Ratzinger: In the Beginning

June 17, 2018

In the Beginning
A Catholic Understanding of the Story of Creation and the Fall
Joseph Cardinal Ratzinger
(Eerdmans, 1986)
100 p.

Based on four Lenten homilies given in 1981, this book examines the first three chapters of Genesis in the light of both the Church’s enduring teaching and our contemporary situation.

It is a theological study, not a scientific one, but Cardinal Ratzinger does grapple with how the sciences have affected our theological understanding of these foundational texts. He makes a basic point — basic, but nonetheless often forgotten — that the Bible is not a scientific text, and should not be read as one. Scripture itself varies its images of God’s creative action, even giving two distinct creation accounts, so that we are to understand that we should distinguish the content — what is being said — from the form in which it is said. And what is being said is something theological:

Its purpose ultimately would be to say one thing: God created the world. The world is not, as people used to think then, a chaos of mutually opposed forces; nor is it the dwelling of demonic powers from which human beings must protect themselves. The sun and the moon are not deities that rule over them, and the sky that stretches over their heads is not full of mysterious and adversary divinities. Rather, all of this comes from one power, from God’s eternal Reason, which became — in the Word — the power of creation. All of this comes from the same Word of God that we meet in the act of faith.

For Christians, by long established tradition, the Scriptures are read and interpreted with the understanding that they form a unity, a unity founded on Christ: the whole points to him. Applied to the Creation accounts, this means that we should not be surprised to find that the God of Abraham, Isaac, and Jacob, who in that particularity might be thought a kind of local deity, is actually the Creator of all things, the God and father of all, whose salvation is ultimately intended for all — and that this universal fatherhood is precisely what Christ came to make manifest. The creative action of God is mediated by his Son, the Word, by whom and in whom the rational structure of reality is constituted — and this order in things is itself one of the principal truths the creation accounts are meant to teach.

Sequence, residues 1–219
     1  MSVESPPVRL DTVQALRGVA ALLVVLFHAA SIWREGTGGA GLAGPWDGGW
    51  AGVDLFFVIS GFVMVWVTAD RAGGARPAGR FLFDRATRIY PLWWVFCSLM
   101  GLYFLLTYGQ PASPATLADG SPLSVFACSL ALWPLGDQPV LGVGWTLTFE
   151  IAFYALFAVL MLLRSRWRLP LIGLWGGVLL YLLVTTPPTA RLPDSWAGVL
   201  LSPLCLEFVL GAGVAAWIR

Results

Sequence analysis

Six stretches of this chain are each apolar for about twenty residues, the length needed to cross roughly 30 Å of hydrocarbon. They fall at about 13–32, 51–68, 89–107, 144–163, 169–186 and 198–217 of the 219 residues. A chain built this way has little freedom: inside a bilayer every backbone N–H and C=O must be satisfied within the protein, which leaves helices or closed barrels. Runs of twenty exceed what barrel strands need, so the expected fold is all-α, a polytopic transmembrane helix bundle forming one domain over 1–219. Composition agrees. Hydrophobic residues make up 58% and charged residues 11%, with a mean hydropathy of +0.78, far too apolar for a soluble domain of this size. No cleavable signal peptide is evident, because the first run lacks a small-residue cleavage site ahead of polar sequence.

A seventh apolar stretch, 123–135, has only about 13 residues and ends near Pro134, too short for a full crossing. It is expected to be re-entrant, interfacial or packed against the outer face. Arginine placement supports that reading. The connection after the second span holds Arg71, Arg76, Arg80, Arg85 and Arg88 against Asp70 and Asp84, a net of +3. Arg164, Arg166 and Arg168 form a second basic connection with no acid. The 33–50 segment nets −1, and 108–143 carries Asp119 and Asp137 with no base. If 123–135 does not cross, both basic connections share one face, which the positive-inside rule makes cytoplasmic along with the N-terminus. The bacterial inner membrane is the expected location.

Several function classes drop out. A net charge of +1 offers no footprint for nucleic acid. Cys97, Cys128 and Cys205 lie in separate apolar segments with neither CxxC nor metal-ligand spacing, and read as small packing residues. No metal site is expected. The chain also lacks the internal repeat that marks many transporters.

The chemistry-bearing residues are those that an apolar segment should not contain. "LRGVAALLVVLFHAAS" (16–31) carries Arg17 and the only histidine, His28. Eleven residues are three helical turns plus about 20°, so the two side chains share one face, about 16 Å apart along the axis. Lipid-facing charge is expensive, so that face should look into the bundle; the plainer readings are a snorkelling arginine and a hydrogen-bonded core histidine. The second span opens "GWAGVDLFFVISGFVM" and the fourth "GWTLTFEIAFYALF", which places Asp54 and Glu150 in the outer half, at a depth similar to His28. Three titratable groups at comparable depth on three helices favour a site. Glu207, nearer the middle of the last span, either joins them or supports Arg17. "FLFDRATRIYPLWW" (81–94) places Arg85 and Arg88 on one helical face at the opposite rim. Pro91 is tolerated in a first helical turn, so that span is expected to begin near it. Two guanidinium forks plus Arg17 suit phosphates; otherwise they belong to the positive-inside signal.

The idea that the world is made according to a rational order Ratzinger finds reinforced by the use of numbers in the creation accounts. There are the 7 days of creation, of course, but also instances of three and four, and the phrase “And God said” occurs ten times, which he (following a tradition?) argues is meant to remind us of the Ten Commandments, suggesting a harmony between the physical and moral orders, as both proceeding from the same source.

But what does it mean to talk about Creation in an age that can give a thorough and persuasive temporal account of how the world came to be the way it is? Is it still reasonable to speak about “Creation”? The Catholic tradition says that it is reasonable, for the good and obvious reason that being does not explain itself. The state of things may be, at some level of explanation, explicable in terms of some underlying order, but that underlying order does not account for itself. Scientific explanations of the physical order, no matter how elaborate and ingenious and praiseworthy, are ultimately incomplete, because powerless to account for the principles operative within that physical order. This is an inescapable conclusion derived from the empirical nature of the sciences. Moreover, there are aspects of the world, such as the moral order, which the sciences are not equipped to investigate.

Cardinal Ratzinger takes a special interest in the passage in Genesis 2 (v.4-9) in which God makes man from the dust of the earth. What does this teach us? It does not explain “how human persons come to be but rather what they are”. He identifies at least three things we should notice: first, a man is not God, he is made and does not make himself, he is contingent and not necessary; second, a man is neither a beast nor a demon (as could be inferred from some other, non-Biblical creation stories), but good, as being the special creation of a good God; and third, all men are equal in dignity and, in their common origin, unified. This unity is underlined and augmented by Christianity, for the Incarnation united our common nature to God himself, thereby further uniting each of us to one another, and in a most exalted sense.

In the story of the Fall, we see that humanity, made good in its essence and oriented to God, also lives under limitations imposed by the nature of good and evil. We have freedom, but must not use that freedom in certain ways. Denial of those limitations — which he argues is “a fundamental part of what constitutes modernity” — means a denial of the reality of things as they actually are. When we live in that way, rejecting creation and not acknowledging that things have natures independent of our will, we live in untruth, which the Scriptures call the realm of death. This same denial — called sin — destroys our relationships with one another, with the world, and with its Creator, a destruction that can ultimately be repaired and restored only by the Creator himself, and this is the meaning of Christ’s life, death, and resurrection: to re-establish relationships. Christ, once again, is at the centre.

*

[Creation and humility]
The fundamental Christian attitude is one of humility, a humility of being, not a merely moralistic one: being as receiving, accepting oneself as created and dependent on love.

[Doing and seeing]
People recognize the good only when they themselves do it. They recognize the evil only when they do not do it.

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